Be Prepared for Cold Weather

Fall is here, and Pack 24 is gearing up for a season of fun outdoor gatherings.

Remember! Sign up is open for our Greene Valley camping trip. Please be sure to registered by Friday, October 15, 2021.

The correct clothing and gear can help your family enjoy being outside in almost any weather.  Here are some tips for staying comfortable in the cold:


-Layer a fleece, sweater, or sweatshirt over comfortable clothing.  Add a windbreaker or heavier jacket as needed.  You want to be able to add layers when you’re cold and remove them when you’re too warm (sweat means wet skin, and wet skin means cold and uncomfortable skin). 

-On chilly days, remember you can layer pants, too.  A base layer (first layer) of long underwear, snug pajamas, or leggings can help you stay comfortable longer. 

-Stick some gloves and hats in your bag, even if you think you won’t need them.  Better to be extra prepared than to have your fun ruined by freezing hands.  This is especially important if you’ll be out in the evening – temperatures can drop quickly when the sun starts to set. 

-For rain or wet ground, staying dry is the key to staying warm.  My family loves rain suits and rain pants.  If you don’t have rain-specific gear, layering can help the clothing closest to your skin stay as dry as possible.  If you’ll be out for a long time, bring extra clothes.       

-Footwear should be comfortable and something you’re ok with getting dirty.  For wet weather, rain boots are ideal.  If your shoes/boots aren’t weatherproof, be sure to bring an extra pair.  Wet feet are really unpleasant in chilly weather. 

-Wool socks are great for staying warm and feeling drier.  But socks are one item NOT to layer (unless your boots have room to spare).  Doubling socks makes boots fit tighter, and tighter boots restrict circulation, resulting in colder feet.  This can be a problem with snug-fitting boots and thick socks, too.  A boots/socks combo that allows you to move your toes around is a better bet. 

-Add scarves or neck warmers as needed.


-Layers are essential in winter, too.  If you’re wondering about fabrics, a base layer of wool or synthetic fibers (like polyester) works better than cotton.  Cotton soaks up and retains moisture, leaving skin wet if you sweat or if rain or snow gets through your outer layers.  The type of fabric for that mid-layer (sweats, fleece, etc.) isn’t as important.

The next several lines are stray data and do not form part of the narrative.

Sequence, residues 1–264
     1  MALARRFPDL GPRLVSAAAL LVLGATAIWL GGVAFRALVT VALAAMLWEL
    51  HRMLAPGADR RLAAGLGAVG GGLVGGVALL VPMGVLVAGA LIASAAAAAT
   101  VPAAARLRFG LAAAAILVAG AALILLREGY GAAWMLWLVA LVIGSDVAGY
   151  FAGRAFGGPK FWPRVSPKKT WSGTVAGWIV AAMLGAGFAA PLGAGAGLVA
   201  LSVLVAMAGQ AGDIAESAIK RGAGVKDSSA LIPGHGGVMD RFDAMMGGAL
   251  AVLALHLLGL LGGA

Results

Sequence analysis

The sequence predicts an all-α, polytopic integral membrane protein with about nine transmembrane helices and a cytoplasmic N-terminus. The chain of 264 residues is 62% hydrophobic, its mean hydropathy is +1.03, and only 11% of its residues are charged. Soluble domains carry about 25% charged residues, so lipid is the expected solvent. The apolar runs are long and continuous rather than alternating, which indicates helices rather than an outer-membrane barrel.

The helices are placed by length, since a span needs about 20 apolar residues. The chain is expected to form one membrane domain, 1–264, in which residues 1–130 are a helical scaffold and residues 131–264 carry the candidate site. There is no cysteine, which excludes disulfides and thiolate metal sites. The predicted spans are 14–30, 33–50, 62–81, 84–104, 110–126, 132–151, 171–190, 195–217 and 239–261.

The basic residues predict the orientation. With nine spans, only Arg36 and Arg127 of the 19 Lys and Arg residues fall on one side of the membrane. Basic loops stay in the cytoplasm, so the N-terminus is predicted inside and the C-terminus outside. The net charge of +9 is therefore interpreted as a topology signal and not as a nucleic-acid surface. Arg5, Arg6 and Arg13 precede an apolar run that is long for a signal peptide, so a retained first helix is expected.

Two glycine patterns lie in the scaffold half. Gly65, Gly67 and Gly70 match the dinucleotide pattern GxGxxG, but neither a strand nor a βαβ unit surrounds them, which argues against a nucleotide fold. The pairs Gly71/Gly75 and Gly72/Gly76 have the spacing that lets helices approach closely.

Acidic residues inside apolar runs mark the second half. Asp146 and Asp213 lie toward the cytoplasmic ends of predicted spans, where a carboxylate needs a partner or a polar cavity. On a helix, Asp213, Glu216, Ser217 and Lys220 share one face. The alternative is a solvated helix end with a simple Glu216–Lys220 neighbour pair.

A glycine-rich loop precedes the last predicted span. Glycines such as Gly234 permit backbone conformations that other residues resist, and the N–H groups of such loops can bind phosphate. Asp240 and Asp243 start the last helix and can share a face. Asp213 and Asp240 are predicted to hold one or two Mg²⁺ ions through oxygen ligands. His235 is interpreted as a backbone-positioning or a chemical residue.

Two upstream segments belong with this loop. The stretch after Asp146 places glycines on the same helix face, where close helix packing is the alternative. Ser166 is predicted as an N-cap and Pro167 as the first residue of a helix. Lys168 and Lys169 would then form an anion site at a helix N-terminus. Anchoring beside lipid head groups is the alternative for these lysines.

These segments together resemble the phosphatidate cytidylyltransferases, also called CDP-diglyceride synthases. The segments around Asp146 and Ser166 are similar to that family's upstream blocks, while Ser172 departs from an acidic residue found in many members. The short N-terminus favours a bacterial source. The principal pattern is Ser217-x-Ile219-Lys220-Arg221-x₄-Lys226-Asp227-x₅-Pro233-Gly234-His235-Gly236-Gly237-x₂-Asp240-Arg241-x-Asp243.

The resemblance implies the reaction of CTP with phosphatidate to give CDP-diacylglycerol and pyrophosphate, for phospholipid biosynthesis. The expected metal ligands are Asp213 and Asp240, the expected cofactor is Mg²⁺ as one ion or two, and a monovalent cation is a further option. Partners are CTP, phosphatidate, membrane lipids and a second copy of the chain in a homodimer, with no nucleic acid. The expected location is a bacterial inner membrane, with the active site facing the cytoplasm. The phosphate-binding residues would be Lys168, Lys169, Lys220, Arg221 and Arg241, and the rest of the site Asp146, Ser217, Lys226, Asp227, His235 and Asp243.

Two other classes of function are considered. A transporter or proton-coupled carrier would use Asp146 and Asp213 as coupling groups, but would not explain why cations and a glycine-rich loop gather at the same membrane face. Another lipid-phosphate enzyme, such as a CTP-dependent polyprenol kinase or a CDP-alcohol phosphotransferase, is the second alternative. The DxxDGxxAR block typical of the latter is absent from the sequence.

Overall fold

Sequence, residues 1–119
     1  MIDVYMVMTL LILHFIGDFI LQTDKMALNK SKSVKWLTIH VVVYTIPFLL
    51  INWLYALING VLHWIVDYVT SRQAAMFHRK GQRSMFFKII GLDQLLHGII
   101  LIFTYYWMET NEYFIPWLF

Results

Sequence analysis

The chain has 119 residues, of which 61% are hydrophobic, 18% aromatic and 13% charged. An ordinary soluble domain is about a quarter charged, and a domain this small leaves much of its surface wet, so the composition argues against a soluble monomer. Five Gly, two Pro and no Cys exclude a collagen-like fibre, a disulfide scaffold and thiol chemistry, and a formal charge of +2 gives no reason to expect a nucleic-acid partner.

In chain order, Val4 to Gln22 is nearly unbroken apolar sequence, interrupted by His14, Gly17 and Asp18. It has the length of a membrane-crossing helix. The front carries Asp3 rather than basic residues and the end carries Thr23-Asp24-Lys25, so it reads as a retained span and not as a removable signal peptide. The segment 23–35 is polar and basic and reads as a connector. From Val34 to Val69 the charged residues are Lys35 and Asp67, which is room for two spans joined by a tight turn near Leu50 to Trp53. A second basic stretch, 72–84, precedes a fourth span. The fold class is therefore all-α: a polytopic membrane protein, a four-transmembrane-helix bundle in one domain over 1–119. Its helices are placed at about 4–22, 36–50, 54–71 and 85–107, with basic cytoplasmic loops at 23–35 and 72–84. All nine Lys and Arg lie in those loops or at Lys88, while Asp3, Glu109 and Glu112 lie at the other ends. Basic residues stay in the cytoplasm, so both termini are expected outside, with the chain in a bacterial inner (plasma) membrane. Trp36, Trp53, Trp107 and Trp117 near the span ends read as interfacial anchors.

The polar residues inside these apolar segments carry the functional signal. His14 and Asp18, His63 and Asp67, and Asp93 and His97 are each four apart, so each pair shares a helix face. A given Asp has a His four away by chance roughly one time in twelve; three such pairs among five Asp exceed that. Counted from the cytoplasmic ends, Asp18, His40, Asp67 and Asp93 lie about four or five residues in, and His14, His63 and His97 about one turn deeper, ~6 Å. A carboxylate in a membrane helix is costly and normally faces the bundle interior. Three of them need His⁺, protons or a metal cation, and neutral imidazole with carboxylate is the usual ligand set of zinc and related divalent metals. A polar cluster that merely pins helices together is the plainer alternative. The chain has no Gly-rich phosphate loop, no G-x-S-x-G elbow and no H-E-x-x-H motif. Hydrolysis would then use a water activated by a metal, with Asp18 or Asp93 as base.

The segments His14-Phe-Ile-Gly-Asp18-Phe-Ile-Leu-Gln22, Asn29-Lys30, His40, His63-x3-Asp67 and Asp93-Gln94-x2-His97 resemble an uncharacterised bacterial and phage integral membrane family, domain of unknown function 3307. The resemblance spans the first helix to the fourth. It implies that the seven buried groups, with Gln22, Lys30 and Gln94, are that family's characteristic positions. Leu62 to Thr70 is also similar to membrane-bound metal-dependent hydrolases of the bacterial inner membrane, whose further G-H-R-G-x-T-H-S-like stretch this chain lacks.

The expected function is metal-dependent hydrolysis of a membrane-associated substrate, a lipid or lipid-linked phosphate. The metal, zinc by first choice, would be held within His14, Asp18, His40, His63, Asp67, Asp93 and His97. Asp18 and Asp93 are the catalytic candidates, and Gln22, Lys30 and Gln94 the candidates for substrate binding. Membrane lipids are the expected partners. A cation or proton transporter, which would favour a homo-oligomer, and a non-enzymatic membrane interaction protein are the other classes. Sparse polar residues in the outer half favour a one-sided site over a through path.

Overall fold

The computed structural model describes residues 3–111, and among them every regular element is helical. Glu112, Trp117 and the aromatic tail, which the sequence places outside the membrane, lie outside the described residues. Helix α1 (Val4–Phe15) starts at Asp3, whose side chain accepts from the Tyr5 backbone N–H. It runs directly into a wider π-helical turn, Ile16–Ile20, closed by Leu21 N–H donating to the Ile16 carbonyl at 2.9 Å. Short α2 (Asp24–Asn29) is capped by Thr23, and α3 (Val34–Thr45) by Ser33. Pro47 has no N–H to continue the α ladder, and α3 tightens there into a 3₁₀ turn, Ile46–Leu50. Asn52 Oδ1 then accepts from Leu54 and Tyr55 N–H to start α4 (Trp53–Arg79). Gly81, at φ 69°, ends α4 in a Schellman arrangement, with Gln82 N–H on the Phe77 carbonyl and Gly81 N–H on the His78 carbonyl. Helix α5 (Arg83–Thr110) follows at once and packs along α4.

-Winter coats and snow pants (your outer layer) should be weatherproof.  Snow pants aren’t just for the snow.  You can stay outside longer and sit on the cold ground more comfortably with snow pants on.     

-Snow boots should be not too tight (as mentioned above) and not too loose (boots that are too large can cause blisters or make it harder to walk properly).  Most companies leave a little extra room in snow boots for thicker socks, so buy your size but try on first if possible.  Rain boots with wool socks are a good substitute if your snow boots are drying at home.   

-Bring hats and gloves.  Ski masks/balaclava are great for super cold weather, sledding, and/or staying out for a long time.  Waterproof gloves or mittens are the best in the snow.  They can be hard to maneuver in, so we like to keep some thinner gloves in our bag in case we need to use our hands.  

-Hand warmers can go a long way towards cheering up a child struggling with the cold.  (Please read the safety information on any warmers you use.)  Another secret weapon is a thermos of warm tea. 

Happy Scouting!  We look forward to adventuring with you all! 

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